There is a “Secret Army” of reclusive Impressionist pieces cloistered in the private collections of the world, and this is a window of opportunity to see them gathered in one place before they’re scattered once again.
To mark its 80th anniversary, the Musée Marmottan Monet has unveiled works by Caillebotte, Monet, Pissarro, Renoir, Degas, Corot and Boudin, among others. These are not second-tier works; they are worthy of the best museums in the world but are rarely seen by the public. Viewing these pieces side-by-side, the choices of these artists become more evident and their departure from convention is rendered even more remarkable.
In fact, the Marmottan Monet is too rich to deserve just one visit. The size of the street facade of the former hunting lodge which houses the museum is misguiding, as you will discover when you enter a narrow gallery that opens on to the temporary exhibition and then leads down to the permanent spaces. This dazzling bunker houses the largest collection of Claude Monet in the world, including Impression, Sunrise, the painting which gave name to the Impressionist movement.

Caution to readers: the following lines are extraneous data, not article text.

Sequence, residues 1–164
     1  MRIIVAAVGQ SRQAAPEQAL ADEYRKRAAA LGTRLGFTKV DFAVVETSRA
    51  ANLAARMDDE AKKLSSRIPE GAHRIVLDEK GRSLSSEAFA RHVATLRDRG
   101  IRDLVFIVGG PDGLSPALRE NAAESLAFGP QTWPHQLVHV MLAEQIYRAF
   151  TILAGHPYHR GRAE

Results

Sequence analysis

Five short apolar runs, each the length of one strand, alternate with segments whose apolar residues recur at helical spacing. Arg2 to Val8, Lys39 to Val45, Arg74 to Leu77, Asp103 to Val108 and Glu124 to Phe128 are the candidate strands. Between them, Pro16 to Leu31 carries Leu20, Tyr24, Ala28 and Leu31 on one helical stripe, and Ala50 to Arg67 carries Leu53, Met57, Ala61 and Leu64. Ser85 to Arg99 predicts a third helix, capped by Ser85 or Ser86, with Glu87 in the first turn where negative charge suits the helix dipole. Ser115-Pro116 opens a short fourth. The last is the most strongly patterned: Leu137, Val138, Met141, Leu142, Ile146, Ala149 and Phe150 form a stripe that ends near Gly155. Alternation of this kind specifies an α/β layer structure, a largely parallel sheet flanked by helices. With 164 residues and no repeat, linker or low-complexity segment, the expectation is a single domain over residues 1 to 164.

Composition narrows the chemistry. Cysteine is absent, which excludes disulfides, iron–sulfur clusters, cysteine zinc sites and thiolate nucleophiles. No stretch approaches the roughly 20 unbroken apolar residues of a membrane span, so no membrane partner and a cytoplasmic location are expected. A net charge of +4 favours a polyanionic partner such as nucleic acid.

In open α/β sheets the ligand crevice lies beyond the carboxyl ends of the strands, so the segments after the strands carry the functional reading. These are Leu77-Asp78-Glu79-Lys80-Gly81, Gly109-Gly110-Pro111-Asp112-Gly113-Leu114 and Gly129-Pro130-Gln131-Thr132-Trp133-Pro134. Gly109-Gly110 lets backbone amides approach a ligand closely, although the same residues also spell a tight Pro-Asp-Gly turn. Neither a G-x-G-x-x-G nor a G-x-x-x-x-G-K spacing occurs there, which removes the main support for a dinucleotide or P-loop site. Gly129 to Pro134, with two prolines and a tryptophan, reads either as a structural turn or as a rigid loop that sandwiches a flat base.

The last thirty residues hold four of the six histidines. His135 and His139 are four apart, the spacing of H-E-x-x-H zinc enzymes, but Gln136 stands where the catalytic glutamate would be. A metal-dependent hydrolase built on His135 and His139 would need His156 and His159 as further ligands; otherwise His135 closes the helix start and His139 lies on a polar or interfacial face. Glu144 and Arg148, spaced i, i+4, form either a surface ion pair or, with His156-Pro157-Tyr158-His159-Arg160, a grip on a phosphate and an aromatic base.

The bulk of Monet’s works shown here came from the artist’s own collection and were bequeathed by his son. It is worth taking your time or coming back to explore the rest of the rooms, with their incalculable treasures which include Napoleon’s heavy-set desk and a room dedicated to medieval illuminated liturgical manuscripts.
Until July 6, 2014. Musée Marmottan Monet, 2 Rue Louis Boilly, Paris 16th. Metro: La Muette. Daily 10 am-6 pm. Thursday until 8 pm. Closed Monday. Tel: +33 1 44 96 50 33. Ticket price is 10 euros.
Originally published in the April-May 2014 issue of France Today